Dock Rose bought the North Two-thirds of Lot 6 in 1927 at which time a high board fence was located approximately on the line between Lots 6 and 7. This fence remained at that location until a short time thereafter when the sewer and gas lines were laid. When the Survey was made for these lines, the surveyor caused Rose to move his fence three feet to the east where it remained until 1951 when he sold the property to Lesley. It is undisputed that the utility lines, gas, sewer and electric, are all located on Lot No. 7. The traveled portion of the alley is on Lot No. 7. It is undisputed that no part of Lot No. 6 has ever been used as an alley.

    The city contends that the Ordinance opening the alley was constructive notice to plaintiff of the existence of the alley across Lot 6. We do not agree with this contention. The Ordinance was not in Lesley's chain of title at the time he bought the property from Rose. If such ordinance had been in his chain of title it would have been constructive notice to him of the existence of the alley. Adams v. Rowles, 149 Tex. 52, 228 S.W.2d 849. The recording of said ordinance in the minutes of the City Council of the City of Rule did not place said Ordinance in the chain of title and Lesley, therefore, did not have constructive notice of said ordinance. Lesley bought the property and had a right to rely upon the map of the City of Rule which was of record in the office of the County Clerk of Haskell County and which was also in the archives of the office of the City Secretary of the City of Rule. This map did not show an alley across Lots 6 and 7 in Block 38. On the contrary, it showed that there was no alley across these lots. In the absence of some fact which would put Lesley on inquiry, he had no duty to inspect the records of the city. The ordinance in question is not such an instrument that is required to be or permitted to be recorded in the office of the County Clerk. Uvalde Company v. Tribble, Tex.Civ.App., 292 S.W. 932.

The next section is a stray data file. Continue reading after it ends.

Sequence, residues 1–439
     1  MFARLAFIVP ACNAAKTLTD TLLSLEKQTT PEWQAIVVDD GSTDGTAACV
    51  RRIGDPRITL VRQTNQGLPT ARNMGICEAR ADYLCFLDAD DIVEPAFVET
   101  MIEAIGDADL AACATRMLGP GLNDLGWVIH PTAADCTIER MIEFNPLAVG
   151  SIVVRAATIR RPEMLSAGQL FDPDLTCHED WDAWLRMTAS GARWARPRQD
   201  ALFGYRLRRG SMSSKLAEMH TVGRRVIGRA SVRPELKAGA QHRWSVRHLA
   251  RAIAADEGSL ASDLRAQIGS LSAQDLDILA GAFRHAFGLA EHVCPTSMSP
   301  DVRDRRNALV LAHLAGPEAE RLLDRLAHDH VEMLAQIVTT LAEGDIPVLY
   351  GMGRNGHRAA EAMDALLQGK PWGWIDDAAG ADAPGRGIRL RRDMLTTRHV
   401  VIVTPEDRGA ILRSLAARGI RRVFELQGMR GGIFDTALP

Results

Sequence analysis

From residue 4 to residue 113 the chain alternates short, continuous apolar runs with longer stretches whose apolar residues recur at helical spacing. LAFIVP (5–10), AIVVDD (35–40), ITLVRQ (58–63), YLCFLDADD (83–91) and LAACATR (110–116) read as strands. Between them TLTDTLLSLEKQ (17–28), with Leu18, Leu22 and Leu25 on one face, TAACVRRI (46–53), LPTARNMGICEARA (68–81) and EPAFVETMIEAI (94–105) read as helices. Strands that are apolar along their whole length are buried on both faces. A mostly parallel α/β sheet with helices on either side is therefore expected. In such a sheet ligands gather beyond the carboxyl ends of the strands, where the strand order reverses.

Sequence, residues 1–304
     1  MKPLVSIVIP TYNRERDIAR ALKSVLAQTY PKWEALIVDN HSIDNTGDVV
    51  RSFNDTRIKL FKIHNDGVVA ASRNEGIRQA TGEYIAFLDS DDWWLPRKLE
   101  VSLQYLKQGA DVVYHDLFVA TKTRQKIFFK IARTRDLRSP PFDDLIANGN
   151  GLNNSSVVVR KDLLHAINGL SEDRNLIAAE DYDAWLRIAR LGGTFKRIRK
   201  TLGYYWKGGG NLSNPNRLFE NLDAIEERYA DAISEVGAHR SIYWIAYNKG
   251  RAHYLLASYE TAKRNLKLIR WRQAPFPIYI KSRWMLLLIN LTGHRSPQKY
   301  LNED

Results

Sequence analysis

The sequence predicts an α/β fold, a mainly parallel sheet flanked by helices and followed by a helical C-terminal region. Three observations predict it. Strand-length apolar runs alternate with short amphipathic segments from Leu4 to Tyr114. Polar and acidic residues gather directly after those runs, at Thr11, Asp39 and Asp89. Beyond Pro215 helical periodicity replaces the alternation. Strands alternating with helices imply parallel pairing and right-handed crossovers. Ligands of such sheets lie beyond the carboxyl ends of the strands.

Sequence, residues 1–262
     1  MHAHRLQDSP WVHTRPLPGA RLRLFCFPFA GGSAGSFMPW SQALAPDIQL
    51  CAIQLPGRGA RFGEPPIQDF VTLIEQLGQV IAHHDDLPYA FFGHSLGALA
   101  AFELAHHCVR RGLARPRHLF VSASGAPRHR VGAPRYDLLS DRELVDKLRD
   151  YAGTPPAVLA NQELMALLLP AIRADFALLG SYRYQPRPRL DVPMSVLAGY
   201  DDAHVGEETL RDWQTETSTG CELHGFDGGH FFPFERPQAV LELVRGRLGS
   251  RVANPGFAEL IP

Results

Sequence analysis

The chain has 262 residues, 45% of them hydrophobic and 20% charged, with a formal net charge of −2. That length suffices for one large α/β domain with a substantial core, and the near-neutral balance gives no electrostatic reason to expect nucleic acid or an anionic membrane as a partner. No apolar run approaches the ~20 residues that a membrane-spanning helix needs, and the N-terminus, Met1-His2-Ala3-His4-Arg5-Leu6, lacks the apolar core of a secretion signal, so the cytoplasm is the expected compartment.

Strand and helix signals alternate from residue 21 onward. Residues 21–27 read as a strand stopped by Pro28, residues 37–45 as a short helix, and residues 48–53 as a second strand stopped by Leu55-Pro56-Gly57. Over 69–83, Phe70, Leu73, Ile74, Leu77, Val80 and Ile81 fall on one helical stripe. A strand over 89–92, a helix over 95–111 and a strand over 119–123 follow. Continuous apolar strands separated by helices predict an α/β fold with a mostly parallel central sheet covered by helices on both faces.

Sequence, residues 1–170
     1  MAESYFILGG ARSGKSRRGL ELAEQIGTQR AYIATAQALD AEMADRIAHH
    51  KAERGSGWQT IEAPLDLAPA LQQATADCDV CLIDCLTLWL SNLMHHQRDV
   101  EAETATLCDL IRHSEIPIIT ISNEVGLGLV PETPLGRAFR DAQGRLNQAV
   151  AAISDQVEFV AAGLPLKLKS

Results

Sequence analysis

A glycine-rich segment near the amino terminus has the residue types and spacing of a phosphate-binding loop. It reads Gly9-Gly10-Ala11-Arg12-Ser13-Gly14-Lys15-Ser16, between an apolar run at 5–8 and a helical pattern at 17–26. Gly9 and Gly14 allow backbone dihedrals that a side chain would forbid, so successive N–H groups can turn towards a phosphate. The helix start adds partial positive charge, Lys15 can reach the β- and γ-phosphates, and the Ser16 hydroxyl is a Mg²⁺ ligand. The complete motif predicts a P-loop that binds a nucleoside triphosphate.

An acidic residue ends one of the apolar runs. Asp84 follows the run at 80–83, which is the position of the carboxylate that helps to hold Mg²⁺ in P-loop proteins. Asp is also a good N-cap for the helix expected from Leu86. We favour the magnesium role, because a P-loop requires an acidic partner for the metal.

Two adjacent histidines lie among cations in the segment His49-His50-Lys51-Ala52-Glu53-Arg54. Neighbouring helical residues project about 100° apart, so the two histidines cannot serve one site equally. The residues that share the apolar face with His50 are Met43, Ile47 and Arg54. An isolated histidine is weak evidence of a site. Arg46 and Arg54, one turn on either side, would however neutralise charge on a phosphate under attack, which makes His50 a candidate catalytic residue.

The only question in this lawsuit, in our opinion, is whether or not Lesley had notice, at the time he purchased the property, of facts putting him on inquiry, which inquiry, if pursued with reasonable diligence, would have disclosed the true location of the alley across Lots 6 and 7, which had theretofore been dedicated by the owners in 1923. The question of actual notice is one of fact for the jury. Goodwin v. Abilene State Bank, Tex.Civ.App., 294 S.W. 883; O'Ferral v. Coolidge, 149 Tex. 61, 228 S.W.2d 146; Flack v. First Nat. Bank of Dalhart, 148 Tex. 495, 226 S.W.2d 628.

    At the time Lesley bought the property there was a high board fence which enclosed the disputed ten feet on the west side of the North Two-thirds of Lot 6 in Block *315 38. There was no utility lines on Lot 6. The traveled portion of the alley was all on Lot 7 and, notwithstanding the map of the City of Rule in his chain of title showed that there was no alley between Lot 6 and 7, yet we believe that the facts surrounding the location of the utility lines and the use of an alley between the two lots were sufficient to raise an issue of fact as to whether or not Lesley was in possession of such facts as would have put him on inquiry as to the true location of the alley on the ground. It is conclusively established that Lesley had no constructive notice of the existence of an alley on Lot 6 in Block 38. Unless he had actual notice of the existence of such easement, he took the land free of the burden thereof. Pokorny v. Yudin, Tex.Civ.App., 188 S.W.2d 185.

    The judgment of the trial court is reversed and the cause is remanded.